T Nation

Introduce Your Kids to Lifting?


Thought this was a cool story about a mom and daughter figure competing duo: http://www.mlive.com/news/flint/index.ssf/2009/04/tough_love_holly_mom_daughter.html

Ignore some of the jack monkey comments posted at the end though.

Got me wondering - how many of the parents around here plan to introduce their kids to lifting or perhaps already have?


I hope this thread gets some responses, I am curious as well. If I have children, I definitely plan on introducing them to the iron.


Parents must lead by example!

Also, for kids ages 6-9, it's all about making it fun and playing games that help reinforce many movement patterns. It's not the technique that matters at this age, but that they have fun doing it.

Technique begins coming into effect beginning at 10-13 years of age. Training still has to be fun, but form begins to matter more.

It truly matters when they are 14-18 years of age. Form is very important at this age (and not excessive loading).

Speaking of loading, it can begin as early as possible (provided the child is ready) with simple things like bodyweight exercises, med ball exercises and light dumbbell and bar work to practice correct technique.

This is just some of what I've learned as a Level 1 certified Youth Fitness Specialist through the International Youth Conditioning Association (IYCA) - www.iyca.org. As I have an interest in opening a youth fitness facility in the future.


Started kids in early teens with pullups(band assisted for girls), pushups, KB deadlifts, and moved to ring dips, ring leg lifts, KB clean and press, and band rotator work. School has athletics program for athletes and they back squat, bench, clean and sprint.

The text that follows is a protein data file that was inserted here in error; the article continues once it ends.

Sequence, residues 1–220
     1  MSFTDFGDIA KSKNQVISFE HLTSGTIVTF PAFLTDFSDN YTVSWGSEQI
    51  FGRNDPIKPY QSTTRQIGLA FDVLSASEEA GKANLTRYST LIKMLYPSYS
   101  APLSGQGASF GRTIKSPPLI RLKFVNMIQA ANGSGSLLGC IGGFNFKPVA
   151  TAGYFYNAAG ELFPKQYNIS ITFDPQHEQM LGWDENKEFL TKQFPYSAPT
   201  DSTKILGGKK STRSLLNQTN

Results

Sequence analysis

Has paid huge dividends athletically and relationship wise.

Rings and KBs have been huge surprise. Teaching DL with KB sumo is way to go. teaching back squat with box is key. Kids love rings, and "spidermans", basicly inverted rows from rings are a big favorite. Make sure you have power rack with safety pins and never allow unsupervised training.


My sons got me into lifting.

It can work both ways.


I plan on first buying 10lbs blankets for the baby. They might as well start early and that seems most convenient. Too snug? Bench it.

If I can manage to successfully apply this idea to their baby bottles, rattles and stuffed animals, my kid should have decent biceps by the time he can walk.

Once school starts, 20lbs ankle weights will be a standard along with a lunch box the size of a suitcase filled with protein shakes, green tea and a Fruit Roll Up. (See, I'm not ALL business)

By the time he starts high school weighing a cool 255lbs at 11% body fat, we should be at a good starting place for the weight room.


Just make sure those protein shakes don't have more than 30g of protein in one serving, his body won't be able to absorb anymore than that.


The ankle weights comment made me laugh. I used to wear them around the workplace, on days I wasn't training, to tire myself out.

Thankfully my days in retail are over and work is hard enough now. Dirty jobs FTW!


My friends' 2 year old son can snatch a 10 lb DB and tries to deadlift when no one is on the platform at meets.


I wonder what my 2 yr old can Snatch. I'll get back to you tomorrow.


This post has been nominated for the 2009 Best Thing Award.


Only a 10 lb blanket for the baby?! Pu$$y! :stuck_out_tongue:


I don't push it on them but my 11 year old daughter will ask if she can work out with me sometimes and I will make up a body weight routine for her.

Sunday she had a friend over and they worked for 45 minutes on a circuit, including working the heavy bag. She has a wicked leg kick and high knee considering shes only 75 pounds.